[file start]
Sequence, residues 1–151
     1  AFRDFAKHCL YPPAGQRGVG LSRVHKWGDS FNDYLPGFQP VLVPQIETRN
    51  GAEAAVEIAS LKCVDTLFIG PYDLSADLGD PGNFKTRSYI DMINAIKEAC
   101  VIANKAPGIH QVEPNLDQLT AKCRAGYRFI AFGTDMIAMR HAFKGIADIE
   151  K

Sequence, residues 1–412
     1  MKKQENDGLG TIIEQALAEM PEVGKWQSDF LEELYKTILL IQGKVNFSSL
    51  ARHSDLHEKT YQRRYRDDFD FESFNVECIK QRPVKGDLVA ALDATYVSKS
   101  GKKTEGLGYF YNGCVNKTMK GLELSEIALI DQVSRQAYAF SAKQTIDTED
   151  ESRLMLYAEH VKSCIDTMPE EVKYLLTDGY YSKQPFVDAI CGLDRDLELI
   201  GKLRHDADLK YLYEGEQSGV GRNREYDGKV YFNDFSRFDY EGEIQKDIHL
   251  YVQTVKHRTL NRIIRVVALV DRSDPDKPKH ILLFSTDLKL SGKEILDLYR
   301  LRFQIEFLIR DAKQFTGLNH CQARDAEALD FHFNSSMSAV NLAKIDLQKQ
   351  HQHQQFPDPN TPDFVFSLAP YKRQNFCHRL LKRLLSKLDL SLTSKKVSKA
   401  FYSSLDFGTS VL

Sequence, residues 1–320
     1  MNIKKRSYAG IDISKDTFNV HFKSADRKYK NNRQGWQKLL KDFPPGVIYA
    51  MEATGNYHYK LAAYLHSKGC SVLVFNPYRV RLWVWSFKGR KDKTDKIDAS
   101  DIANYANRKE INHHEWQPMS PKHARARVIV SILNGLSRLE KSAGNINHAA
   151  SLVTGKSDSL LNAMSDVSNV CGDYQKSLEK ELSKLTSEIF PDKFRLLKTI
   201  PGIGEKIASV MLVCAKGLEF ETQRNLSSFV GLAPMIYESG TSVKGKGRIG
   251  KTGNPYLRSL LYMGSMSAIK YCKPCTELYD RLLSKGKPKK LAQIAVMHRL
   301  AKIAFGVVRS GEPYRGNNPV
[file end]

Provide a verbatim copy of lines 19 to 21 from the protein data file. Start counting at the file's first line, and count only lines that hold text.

   101  DIANYANRKE INHHEWQPMS PKHARARVIV SILNGLSRLE KSAGNINHAA
   151  SLVTGKSDSL LNAMSDVSNV CGDYQKSLEK ELSKLTSEIF PDKFRLLKTI
   201  PGIGEKIASV MLVCAKGLEF ETQRNLSSFV GLAPMIYESG TSVKGKGRIG